The man known as "Governor Veto" will take his case for smaller, less intrusive, constitutional government to the voters as the U.S. Libertarian Party nominee for President of the United States. At their Las Vegas convention, the Libertarians chose former New Mexico Governor Gary Johnson on Saturday as the party's standard-bearer. Johnson earned his nickname during his eight years (1995-2003) at the Santa Fe State House, where he vetoed more than 750 bills passed by the Legislature. Johnson himself brought up the "Governor Veto" label at the convention, pointing to it as evidence of his strength of character.
The U.S. government is developing implantable sensor microchips for use in American troops, supposedly to monitor their health on the battlefield, the Defense Advanced Research Projects Agency (DARPA) announced earlier this year seeking proposals. But critics of the scheme are speaking out, warning that the new technology could just be a prelude to expanding the use of related devices among the general population — with dangerous implications for freedom and privacy.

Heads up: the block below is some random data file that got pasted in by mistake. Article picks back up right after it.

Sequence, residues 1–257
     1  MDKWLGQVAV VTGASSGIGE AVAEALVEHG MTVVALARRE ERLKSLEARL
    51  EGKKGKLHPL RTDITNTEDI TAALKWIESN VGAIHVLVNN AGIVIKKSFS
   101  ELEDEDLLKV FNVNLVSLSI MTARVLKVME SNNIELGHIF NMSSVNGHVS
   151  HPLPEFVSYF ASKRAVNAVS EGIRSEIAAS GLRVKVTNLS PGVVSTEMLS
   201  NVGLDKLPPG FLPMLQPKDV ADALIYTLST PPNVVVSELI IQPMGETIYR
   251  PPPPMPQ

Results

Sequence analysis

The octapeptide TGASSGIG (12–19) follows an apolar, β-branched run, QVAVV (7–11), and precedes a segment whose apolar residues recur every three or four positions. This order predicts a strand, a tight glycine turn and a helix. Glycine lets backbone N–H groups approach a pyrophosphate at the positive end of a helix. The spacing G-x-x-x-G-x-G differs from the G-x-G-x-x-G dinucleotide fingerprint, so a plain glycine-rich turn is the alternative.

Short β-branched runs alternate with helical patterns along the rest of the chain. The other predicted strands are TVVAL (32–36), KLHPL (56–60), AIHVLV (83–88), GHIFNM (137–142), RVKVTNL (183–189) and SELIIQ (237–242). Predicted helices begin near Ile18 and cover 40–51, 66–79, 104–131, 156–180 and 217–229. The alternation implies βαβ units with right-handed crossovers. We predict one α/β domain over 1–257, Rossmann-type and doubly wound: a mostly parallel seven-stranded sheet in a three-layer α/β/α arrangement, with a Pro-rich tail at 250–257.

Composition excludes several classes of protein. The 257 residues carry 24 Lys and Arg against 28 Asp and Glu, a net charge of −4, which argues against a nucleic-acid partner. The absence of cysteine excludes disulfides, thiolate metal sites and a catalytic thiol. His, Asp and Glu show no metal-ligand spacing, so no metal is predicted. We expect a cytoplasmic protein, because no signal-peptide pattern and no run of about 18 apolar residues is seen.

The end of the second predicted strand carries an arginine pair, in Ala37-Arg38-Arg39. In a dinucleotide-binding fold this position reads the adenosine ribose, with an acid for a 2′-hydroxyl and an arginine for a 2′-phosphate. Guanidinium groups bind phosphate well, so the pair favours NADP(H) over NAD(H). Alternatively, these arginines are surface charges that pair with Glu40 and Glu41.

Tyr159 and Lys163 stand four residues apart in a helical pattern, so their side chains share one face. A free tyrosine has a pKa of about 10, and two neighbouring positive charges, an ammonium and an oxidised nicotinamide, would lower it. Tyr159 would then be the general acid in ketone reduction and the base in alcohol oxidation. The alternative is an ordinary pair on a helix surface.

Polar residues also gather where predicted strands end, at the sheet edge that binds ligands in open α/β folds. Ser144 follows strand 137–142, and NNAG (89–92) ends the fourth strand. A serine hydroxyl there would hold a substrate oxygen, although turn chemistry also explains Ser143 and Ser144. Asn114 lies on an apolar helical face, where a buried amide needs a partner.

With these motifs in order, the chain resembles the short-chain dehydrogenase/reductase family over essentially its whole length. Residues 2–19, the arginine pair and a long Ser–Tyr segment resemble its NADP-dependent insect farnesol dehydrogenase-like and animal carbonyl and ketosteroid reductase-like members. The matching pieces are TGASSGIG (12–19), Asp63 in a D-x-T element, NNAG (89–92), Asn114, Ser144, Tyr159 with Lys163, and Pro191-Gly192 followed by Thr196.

How did the "Occupy" movement acquire such immunity from the laws that the rest of us are expected to obey? Simply by shouting politically correct slogans and calling themselves representatives of the 99 percent against the 1 percent.
It would be funny if we weren't paying for it. Now they want us to buy chaperones for our live-wire Secret Service guys. Per year, we already spend $1.7 billion on the Secret Service, double what we spent annually before Mohamed Atta and his crew of inflamed sycophants sought to win perpetual ecstasy with some 72 heavenly hotties per martyr by turning jetliners and themselves into missiles.
The partisan squabbling over the killing of Osama bin Laden is a typical election-year distraction, effectively squelching discussion of more important matters one year after the execution of the al-Qaeda chief executive. While the commentators are engaged in trivialities, big foreign-policy questions are ignored.